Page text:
Vertigo: Physiotherapy Treatment for BPPV

25 Aug Vertigo: Physiotherapy Treatment for BPPV

Did you know Physiotherapists can successfully treat BPPV (Benign Paroxysmal Positional Vertigo)?

BPPV is a condition arising from a problem in the inner ear, and is the most common cause of vertigo.

Symptoms include brief but repeated periods of vertigo, which are provoked by moving the head to and from certain positions – such as turning in bed, rising from laying or sitting down, looking up or bending down.  People suffering with BPPV may also experience feelings of a ‘spinning world’, unbalance, nausea and light headiness.

It is thought that BPPV is caused by one or more tiny solid crystallised fragments that have become lose and move into one of 3 canals within the inner ear.  In the canal the fragment can either be free to float or becomes stuck; either way it is thought that here it has the potential to bombard messages down the vestibular nerve.  These confusing messages conflict with normal messages from the other unaffected ear and from the eye and body.  The brain thus becomes very confused and reacts with vertigo.

A Physiotherapist will conduct a thorough assessment when considering whether a set of symptoms are related to BPPV. This will include gaining an understanding of how the symptoms manifest, how long they last, how often they occur and what factors aggravate or ease the feeling of vertigo.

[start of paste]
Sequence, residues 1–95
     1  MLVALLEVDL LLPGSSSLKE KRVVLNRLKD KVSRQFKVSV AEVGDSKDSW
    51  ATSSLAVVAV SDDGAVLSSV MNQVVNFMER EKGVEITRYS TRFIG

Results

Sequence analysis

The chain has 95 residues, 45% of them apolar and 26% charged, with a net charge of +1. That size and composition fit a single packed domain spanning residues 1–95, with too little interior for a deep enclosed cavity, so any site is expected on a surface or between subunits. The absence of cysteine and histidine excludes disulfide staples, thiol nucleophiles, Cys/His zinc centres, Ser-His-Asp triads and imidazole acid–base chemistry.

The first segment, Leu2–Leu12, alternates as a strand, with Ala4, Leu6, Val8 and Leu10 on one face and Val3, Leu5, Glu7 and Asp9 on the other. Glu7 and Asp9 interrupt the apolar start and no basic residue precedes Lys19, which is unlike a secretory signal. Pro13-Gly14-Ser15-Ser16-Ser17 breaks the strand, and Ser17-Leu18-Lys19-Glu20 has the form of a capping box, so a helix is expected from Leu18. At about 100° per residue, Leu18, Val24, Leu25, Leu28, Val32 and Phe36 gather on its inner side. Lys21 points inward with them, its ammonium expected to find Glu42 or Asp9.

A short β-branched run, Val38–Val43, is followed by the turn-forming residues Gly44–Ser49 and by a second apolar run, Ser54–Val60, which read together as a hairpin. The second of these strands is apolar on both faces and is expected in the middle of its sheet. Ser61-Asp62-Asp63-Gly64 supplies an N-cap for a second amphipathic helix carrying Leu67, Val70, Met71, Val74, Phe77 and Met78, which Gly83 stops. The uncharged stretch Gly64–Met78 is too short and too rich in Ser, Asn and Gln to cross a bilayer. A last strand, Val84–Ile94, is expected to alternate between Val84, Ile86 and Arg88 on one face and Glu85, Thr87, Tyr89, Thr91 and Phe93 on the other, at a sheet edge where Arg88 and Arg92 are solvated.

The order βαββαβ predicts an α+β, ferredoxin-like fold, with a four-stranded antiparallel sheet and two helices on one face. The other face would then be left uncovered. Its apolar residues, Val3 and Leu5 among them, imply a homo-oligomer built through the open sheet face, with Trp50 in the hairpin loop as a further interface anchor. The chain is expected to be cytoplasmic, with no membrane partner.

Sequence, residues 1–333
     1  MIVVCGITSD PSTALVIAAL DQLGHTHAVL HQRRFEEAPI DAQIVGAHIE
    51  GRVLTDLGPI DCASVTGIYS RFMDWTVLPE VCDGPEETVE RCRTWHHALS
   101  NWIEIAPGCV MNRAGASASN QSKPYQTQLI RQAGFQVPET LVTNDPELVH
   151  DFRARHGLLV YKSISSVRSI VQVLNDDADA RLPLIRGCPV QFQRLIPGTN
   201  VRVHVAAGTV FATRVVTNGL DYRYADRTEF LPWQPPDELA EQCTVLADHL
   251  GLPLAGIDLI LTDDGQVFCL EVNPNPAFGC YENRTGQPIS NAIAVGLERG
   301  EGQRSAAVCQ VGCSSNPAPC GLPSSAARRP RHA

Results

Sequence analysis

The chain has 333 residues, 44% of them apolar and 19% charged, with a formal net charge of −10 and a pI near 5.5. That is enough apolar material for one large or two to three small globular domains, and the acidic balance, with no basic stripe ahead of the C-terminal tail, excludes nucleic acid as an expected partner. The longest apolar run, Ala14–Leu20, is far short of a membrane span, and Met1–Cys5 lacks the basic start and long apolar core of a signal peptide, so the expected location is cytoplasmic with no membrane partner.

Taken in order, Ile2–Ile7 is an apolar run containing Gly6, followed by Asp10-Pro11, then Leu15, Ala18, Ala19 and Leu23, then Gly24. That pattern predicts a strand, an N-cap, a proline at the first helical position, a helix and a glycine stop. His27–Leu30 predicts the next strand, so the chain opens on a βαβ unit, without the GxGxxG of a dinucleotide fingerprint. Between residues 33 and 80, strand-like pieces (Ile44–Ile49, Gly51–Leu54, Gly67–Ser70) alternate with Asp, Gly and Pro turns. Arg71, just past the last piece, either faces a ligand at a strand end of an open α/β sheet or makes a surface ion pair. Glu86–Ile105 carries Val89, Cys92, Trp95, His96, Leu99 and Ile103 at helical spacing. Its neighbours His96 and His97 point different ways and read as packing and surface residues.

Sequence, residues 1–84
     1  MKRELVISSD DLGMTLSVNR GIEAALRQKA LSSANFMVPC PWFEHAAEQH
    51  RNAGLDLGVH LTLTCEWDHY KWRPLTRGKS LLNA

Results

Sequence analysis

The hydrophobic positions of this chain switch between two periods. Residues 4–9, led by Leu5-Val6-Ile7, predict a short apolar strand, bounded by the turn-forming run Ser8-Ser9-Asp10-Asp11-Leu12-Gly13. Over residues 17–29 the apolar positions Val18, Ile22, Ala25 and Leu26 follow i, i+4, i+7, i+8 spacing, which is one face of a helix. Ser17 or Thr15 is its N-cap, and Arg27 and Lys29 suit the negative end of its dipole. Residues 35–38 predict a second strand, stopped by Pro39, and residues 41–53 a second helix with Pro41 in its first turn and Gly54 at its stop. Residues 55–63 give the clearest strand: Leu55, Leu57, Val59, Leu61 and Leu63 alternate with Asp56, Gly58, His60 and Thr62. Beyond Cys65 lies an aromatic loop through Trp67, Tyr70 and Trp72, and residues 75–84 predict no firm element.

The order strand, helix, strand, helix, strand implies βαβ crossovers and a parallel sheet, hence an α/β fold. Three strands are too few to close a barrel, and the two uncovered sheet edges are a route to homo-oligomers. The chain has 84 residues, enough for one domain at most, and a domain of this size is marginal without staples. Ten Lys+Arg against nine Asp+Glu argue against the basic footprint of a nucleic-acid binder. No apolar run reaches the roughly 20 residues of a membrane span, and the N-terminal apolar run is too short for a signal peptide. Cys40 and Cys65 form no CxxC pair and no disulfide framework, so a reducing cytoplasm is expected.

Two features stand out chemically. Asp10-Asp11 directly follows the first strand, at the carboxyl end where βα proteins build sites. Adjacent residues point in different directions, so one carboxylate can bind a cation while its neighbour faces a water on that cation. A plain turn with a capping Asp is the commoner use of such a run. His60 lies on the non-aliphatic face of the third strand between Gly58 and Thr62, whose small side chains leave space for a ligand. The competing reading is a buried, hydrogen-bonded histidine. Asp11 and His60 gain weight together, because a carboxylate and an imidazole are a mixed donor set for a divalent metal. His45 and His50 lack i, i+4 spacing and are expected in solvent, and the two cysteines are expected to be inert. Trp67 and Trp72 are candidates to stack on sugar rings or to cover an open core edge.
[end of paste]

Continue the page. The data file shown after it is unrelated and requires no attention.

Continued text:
Treatment then involves a series of moves to the head to correctly reposition the debris. A successful treatment results in patients reporting a 70% improvement in their symptoms. After 2 sessions the reported improvement increases to 90%. The re-occurrence rate is known to be less than 15%. Patient education is vital after active treatment and a series of head moves can be shown to the patient to continue with managing their symptoms for the future.

Most cases of BPPV occur in people over the age of 40.  It is one of the most common causes of vertigo in older people.  Younger people can develop BPPV following an injury to the ear, or following a previous infection in the inner ear.

Whilst on maternity leave, Halo’s Rachael Adams trained at University College London Hospital under the guidance of Amanda Male, a highly specialised Physiotherapist in Vestibular Rehabilitation. Rachael is now qualified to assess and treat patients who present with symptoms and conditions relating to BPPV.

If you believe you are experiencing symptoms that are relating to BPPV, please contact Halo and ask to book an appointment to see Rachael!

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